A series of attacks originating from China breached the federal weather network last month, forcing U.S. cybersecurity firms to safe guard vital data related to disaster planning, aviation, shipping and scores of other crucial uses, federal officials reported.
The intrusion of the United States Weather Systems occurred late September, but officials gave no indication that they had a problem until October 20th, said three people briefed on the hack and by the reaction of the the National Oceanic and Atmospheric Administration (NOAA), which includes the National Weather Service, the Washington Post reported. Yet, the NOAA did not refer to the system being compromised.
Officials say the Weather agency did not contact proper federal authorities when learning the systems had been breached, a tactic FBI has long warned against.
NOAA officials declined to comment on the suspected intrusion and what data it affected, such as highly classified documents. The NOAA stated in October that the administration was doing “unscheduled maintenance” on its network, not noting a possible data breach had been the source of that.
In a public statement Wednesday, NOAA spokesman Scott Smullen acknowledged the hack and said “incident response began immediately.” Smullen said all systems were in working order again and that forecasts were once again accurately being delivered to the public. Smullen denied the Washington Posts questions beyond his public statement, citing them to an investigation into the attack.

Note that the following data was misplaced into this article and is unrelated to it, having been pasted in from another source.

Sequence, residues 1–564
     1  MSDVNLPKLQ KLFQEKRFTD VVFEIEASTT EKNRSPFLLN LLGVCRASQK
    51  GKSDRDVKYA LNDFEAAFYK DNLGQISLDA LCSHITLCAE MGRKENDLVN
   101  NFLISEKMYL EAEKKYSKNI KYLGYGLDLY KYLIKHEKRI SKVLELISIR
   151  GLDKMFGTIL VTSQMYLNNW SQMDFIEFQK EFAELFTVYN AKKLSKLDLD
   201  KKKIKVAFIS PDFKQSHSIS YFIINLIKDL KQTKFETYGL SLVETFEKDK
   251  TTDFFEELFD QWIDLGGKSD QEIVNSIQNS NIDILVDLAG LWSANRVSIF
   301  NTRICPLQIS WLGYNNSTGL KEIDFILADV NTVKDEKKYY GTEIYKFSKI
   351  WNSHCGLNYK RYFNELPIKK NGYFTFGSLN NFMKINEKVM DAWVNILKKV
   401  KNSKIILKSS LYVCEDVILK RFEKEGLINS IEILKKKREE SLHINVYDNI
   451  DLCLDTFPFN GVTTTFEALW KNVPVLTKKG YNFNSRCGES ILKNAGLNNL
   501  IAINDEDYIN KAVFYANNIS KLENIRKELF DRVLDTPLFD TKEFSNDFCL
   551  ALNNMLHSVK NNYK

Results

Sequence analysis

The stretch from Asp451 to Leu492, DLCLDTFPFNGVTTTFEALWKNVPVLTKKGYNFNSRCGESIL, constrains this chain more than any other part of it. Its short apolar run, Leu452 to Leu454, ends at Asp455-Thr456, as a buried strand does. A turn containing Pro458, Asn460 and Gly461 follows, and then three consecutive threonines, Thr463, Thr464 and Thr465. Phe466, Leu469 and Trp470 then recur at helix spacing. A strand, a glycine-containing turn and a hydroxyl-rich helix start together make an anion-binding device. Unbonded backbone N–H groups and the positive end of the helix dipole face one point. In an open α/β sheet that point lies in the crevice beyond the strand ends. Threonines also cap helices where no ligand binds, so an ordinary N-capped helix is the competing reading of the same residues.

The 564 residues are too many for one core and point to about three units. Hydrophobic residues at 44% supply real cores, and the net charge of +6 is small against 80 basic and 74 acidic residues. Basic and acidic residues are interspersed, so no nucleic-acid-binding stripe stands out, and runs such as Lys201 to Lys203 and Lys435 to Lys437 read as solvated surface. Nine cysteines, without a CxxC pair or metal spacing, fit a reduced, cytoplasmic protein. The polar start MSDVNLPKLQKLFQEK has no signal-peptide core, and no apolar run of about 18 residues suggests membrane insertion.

Pinpointing the origin of the attack remains difficult for a number of reasons, security experts said. Also, China has denied repeated accusations that the country intrudes on the U.S. Government’s computer network for espionage among other illicit activities. An ongoing battle the FBI, Obama and Chinese officials have debated settling.
Chinese Embassy official, Geng Shuang, said he was not made aware of the attack and had not been contacted by the United States government or any third-parties related to the accusations on the attacks.
“Cyberattack is quite common in today’s cyberspace,” he said. “Jumping to conclusions on its origin without hard evidence is not responsible at all.” The embassy also urged “relevant U.S. parties to stop this kind of unfounded accusation.”
While Shuang denies the attack, the NOAA confirmed that China was behind the attack to congressman Frank R. Wold.
“NOAA told me it was a hack and it was China,” said Wolf, who also scolded the agency for not disclosing the attack “and deliberately misleading the American public in its replies. They had an obligation to tell the truth,” Wolf said. “They covered it up.”
Commerce Department Inspector General Todd Zinser said his agency as-well was not notified of a possible breach until November 4, well after the attack may have occurred. He said such action is a violation to agency policy, requiring companies to report any security incident within 48 hours of the discovery.
“We’re in the process of looking into the matter, including why NOAA did not comply with the requirements to notify law enforcement about the incident,” Zinser said.
No agency knows if the U.S. Weather System data breach involved classified documents or any type of information that may have been illegally accessed.
The hack of the United States Weather Systems and the NOAA follows the United States Postal Service Data Breach, an attack leaking sensitive files of all 800,000 employees, another attack China has been accused of committing.
The NOAA’s National Ice Center Web site was also down for a week in late October, due to their “unscheduled maintenance,” the two-day outage hindered the National Weather Service’s accuracy, reported the NOAA.
The NOAA has been accused multiple times of running high-risk systems “fraught with vulnerabilities,” leaving the system susceptible to hackers.
The NOAA has been accused of poor security a number of times, yet the weather systems and satellite networks continue to operate in such condition.